- - Friday, January 6, 2012

BLACKSBURG, Va. — Virginia Tech running back David Wilson didn’t want to leave college football without a proper goodbye.

So he called a press conference Friday at Lane Stadium, and he was joined by his parents and coaches when he announced he will forgo his senior season with the Hokies to enter the NFL draft.

Wilson, a Danville native, said he felt a quick and unceremonious exit would have been disrespectful to his team. He instead wanted to express his gratitude to Tech for giving him the opportunity to play and for preparing him for the next level.

He came dressed in a dapper ensemble, with shirt and tie and black suede jacket, and read a statement from his iPad.


“I’ve played many Fridays. I’ve played many Saturdays. And now I would like to forgo my last year of eligibility to go play on Sundays,” said Wilson, who has dreamed of playing in the NFL from an early age. “I can’t give enough thanks to the people who positioned me to where I am today, especially those guys that took the field with me each week.”

Wilson, who rushed for a school-record 1,709 yards and received second-team All-America honors this season, said he was leaning toward going pro for a while, but he didn’t make his final decision until Thursday.

“It was very tough. Even [Thursday], writing this statement, I almost teared up just thinking about [how] the Sugar Bowl was my last game at Virginia Tech,” Wilson said.

Wilson received a second-round projection from the NFL’s draft advisory board, and he believes he can excel during workouts to elevate himself into the first round.

ESPN analyst Todd McShay projects Wilson as a first-rounder. Both McShay and NFL.com rank Wilson second among draft-eligible running backs behind Alabama’s Trent Richardson.

“I definitely feel like I can move up and be a first-round draft pick,” Wilson said. “That’s just the drive in me to always be better than what people assume.”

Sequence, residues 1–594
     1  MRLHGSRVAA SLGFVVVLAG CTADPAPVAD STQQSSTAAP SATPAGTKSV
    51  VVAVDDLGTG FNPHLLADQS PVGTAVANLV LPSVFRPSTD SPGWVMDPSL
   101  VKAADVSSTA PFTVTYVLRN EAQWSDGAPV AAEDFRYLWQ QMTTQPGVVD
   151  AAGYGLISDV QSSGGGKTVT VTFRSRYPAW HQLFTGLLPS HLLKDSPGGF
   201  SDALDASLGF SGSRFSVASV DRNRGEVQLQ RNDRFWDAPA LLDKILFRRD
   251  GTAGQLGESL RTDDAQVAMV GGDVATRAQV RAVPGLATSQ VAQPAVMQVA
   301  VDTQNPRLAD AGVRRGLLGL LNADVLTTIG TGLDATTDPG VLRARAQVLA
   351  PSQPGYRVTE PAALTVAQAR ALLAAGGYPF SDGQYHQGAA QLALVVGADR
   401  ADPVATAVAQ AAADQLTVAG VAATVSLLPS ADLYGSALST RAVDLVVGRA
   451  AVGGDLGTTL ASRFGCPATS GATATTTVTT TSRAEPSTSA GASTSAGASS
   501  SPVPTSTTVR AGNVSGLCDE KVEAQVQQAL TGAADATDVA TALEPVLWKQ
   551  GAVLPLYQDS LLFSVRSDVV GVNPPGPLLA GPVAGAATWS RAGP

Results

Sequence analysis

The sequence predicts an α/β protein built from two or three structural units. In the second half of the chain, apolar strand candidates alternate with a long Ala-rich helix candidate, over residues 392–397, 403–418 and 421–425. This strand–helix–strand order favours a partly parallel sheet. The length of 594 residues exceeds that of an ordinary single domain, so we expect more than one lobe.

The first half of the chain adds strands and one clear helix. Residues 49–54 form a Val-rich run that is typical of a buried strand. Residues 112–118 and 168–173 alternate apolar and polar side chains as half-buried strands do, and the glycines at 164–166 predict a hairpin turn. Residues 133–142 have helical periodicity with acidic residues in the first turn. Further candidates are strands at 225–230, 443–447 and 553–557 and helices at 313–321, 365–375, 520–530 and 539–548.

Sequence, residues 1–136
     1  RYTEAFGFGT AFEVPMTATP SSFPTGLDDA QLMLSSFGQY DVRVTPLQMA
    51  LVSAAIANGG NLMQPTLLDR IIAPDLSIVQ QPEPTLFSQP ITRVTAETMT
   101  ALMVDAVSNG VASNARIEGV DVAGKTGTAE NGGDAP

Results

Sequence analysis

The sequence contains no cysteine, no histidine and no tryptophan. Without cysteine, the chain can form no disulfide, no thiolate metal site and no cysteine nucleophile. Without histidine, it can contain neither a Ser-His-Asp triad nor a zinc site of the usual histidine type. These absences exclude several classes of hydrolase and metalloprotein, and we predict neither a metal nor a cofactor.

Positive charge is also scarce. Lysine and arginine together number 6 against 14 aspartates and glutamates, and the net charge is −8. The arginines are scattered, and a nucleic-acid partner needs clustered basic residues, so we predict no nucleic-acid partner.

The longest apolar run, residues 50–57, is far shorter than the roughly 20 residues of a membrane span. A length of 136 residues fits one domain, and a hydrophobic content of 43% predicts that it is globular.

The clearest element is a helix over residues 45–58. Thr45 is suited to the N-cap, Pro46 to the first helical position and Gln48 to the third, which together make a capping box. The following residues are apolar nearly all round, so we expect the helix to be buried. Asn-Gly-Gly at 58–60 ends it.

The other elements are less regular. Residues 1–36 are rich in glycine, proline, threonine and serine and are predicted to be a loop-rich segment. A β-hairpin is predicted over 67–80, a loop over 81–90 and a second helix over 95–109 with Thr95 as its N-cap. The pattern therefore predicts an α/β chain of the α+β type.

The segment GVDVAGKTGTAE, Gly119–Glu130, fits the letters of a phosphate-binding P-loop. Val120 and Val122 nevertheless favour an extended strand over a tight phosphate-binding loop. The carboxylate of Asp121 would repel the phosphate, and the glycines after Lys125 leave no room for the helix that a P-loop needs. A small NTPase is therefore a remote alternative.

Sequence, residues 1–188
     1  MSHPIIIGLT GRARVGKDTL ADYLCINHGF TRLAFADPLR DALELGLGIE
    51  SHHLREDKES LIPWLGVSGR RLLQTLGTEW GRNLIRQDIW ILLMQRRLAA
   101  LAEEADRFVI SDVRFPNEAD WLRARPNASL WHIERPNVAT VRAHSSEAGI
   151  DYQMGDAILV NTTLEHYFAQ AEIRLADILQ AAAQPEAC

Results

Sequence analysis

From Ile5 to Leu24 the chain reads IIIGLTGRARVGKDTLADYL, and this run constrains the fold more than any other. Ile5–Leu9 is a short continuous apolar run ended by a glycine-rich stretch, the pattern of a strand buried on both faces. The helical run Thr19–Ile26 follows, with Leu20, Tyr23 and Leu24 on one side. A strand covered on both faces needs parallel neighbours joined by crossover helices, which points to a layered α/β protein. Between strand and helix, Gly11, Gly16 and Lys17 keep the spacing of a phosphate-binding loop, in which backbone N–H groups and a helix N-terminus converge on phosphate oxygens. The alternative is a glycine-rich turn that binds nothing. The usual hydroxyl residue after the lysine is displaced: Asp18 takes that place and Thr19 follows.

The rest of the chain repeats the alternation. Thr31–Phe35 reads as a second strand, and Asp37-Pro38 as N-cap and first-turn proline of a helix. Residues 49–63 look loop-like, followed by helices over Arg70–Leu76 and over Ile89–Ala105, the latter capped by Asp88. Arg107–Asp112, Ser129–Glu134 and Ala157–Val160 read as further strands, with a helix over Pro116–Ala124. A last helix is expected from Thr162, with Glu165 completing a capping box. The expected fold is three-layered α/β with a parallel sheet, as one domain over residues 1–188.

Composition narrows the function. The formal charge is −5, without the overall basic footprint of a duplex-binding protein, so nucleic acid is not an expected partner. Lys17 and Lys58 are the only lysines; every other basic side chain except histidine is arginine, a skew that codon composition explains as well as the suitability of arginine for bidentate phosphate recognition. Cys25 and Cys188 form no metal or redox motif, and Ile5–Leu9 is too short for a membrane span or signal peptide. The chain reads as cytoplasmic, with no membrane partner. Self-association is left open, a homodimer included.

Hokies junior cornerback Jayron Hosley announced after Tech’s loss to Michigan in the Sugar Bowl on Tuesday that he also will leave school early for the NFL draft.

Hokies coach Frank Beamer said he and his assistants presented Wilson and Hosley with the information from the NFL’s draft advisory board and then left them to make their decisions. The NFL told Hosley he could potentially go late in the first round, but he is most likely to be picked in the second round.

“We told them whatever they decided with their families that we were going to support them fully, and that’s the way it is,” said Beamer, who sat next to Wilson on the podium.

Wilson’s defection leaves a sizeable hole at tailback next season for the Hokies. With 39 career carries, sophomore Tony Gregory has the most experience of the returning players, but he had knee surgery Thursday and is expected to miss spring practice.

Redshirt freshman Michael Holmes, who was a two-time Group AA state player of the year at Harrisonburg High, and true freshman J.C. Coleman, a four-star recruit who has signed and plans to enroll for the coming school semester, will battle for carries during spring practice.

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